As the summer solstice dawned over Stonehenge, archaeologists revealed that some of the men who built Stonehenge had been found.
Their grave, which dates to the beginning of the Bronze Age, about 2,300 BC, was found at Boscombe Down Amesbury near to Stonehenge.
Many of the stones at Stonehenge were brought from Wales at about this time and chemical tests on the teeth of the men have shown that they were almost certainly born in Wales.
Archaeologists are calling the men ‘the Boscombe Bowmen’ because of the flint arrowheads in the grave. Dr Andrew Fitzpatrick, of Wessex Archaeology, said: “In medieval times, people believed that the stones could only have been brought to Stonehenge by Merlin the Wizard. For the first time we have found the mortal remains of one of the families who were almost certainly involved in this monumental task.”
The grave is unusual as it contains the remains of not one, but seven people. There were three children, a teenager and three men. The skulls of the men and the teenager are so similar that they must be related.
The Bowmen’s teeth provided the clue to where they came from. As the enamel forms on children’s teeth, it locks in a chemical fingerprint of where they grew up. Tests by scientists of the British Geological Survey on the strontium isotopes in the Bowmen’s teeth show that they grew up in a place where the rocks are very radiogenic.
This was either in the Lake District or Wales. The men’s teeth also all have the same pattern, showing that they migrated between the ages of 3 and 13. Dr Jane Evans of the British Geological Survey said: “This provides a remarkable picture of prehistoric migration.”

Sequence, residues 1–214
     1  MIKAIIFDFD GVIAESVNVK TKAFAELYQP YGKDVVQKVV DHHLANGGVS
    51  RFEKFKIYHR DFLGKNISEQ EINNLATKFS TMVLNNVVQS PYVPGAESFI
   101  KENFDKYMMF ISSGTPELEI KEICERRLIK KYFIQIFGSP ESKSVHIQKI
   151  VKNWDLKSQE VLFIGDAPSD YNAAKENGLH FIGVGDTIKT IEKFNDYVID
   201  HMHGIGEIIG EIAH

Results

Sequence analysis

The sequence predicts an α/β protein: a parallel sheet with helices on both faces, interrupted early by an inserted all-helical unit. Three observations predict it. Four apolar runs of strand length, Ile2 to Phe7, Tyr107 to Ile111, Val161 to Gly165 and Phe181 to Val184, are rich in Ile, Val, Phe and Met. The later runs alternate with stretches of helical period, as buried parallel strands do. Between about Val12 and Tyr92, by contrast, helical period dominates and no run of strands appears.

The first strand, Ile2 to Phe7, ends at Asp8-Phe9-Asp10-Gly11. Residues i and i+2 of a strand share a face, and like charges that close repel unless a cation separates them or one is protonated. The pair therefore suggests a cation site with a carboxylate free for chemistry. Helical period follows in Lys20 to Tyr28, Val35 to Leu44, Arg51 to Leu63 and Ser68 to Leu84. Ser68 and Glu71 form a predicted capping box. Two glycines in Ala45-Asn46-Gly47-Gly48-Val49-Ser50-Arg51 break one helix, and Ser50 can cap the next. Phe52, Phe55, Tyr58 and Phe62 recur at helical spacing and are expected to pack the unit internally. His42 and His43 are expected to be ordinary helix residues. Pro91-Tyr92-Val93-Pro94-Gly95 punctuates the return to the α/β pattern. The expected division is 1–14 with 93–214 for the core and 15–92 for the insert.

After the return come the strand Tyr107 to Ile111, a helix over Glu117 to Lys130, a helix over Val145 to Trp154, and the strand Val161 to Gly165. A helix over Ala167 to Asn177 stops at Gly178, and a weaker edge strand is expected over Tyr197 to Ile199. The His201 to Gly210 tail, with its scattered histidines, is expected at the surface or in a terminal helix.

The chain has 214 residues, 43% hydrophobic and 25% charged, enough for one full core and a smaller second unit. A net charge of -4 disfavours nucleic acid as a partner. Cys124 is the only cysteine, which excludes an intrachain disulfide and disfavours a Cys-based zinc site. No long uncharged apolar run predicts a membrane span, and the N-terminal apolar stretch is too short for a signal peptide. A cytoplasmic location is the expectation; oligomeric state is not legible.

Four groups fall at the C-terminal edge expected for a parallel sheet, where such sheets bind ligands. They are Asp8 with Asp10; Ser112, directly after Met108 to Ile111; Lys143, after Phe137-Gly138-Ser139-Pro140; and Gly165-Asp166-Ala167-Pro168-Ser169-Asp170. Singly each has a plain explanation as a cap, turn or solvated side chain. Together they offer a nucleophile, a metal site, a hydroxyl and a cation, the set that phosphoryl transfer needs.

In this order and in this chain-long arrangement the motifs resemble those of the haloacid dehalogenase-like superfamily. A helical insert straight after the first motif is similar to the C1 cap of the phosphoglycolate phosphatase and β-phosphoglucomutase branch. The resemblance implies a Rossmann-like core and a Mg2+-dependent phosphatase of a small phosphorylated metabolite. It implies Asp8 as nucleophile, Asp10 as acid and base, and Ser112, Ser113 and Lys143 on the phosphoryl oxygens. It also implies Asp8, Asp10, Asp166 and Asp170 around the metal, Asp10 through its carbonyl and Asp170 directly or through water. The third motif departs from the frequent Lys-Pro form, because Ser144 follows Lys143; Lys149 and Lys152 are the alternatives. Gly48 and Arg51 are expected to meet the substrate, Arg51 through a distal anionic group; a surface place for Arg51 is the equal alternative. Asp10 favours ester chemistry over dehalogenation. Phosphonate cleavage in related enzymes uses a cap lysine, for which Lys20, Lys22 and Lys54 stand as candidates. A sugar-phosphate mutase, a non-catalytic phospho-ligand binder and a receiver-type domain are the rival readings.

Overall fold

The grave was found on 16th April 2003 during road improvement works being carried out by QinetiQ, the science and technology company that operates the Boscombe Down airfield. Tests on the finds have just been completed by Wessex Archaeology. The QinetiQ employee and archaeologist Colin Kirby, who made the discovery said: “On the second day of the excavations, I noticed human remains in the side of a water pipe trench.
On investigating the spoil from the trench, fragments of beaker pottery and an arrowhead emerged. This was very exciting as it showed that the burial was probably Bronze Age and may be linked to the Amesbury Archer. I immediately informed Wessex Archaeology.”
Seven or eight pots were buried with the dead to hold food and drink for the journey to the next life. The pots are very similar to those found nearby with the Amesbury Archer, a man who was given the richest burial of the age in Europe. He is the earliest metalworker known from Britain, and his grave contained the earliest gold objects in Britain. Tests on his teeth showed that he came from central Europe.
The Archer and the Bowmen lived around the time of major building works at Stonehenge. The stones brought from the Preseli Hills 250 km away in south-west Wales are called the bluestones because of their colour. The huge sarsen stones were brought from the Marlborough Downs 30 km to the north.
Dr Fitzpatrick added: “The Boscombe Bowmen, a band of brothers, must almost certainly be linked with the bringing of the bluestones to Stonehenge. With the discovery that the Amesbury Archer came from central Europe, these finds are casting the first light on an extraordinary picture at the dawn of the metal age”.
Through the mists of time, we can start to see the very people who brought the building blocks of the greatest temple of its age. We can also glimpse the important people who were associated with that temple to the gods of the sun and the moon. It is an epic story.’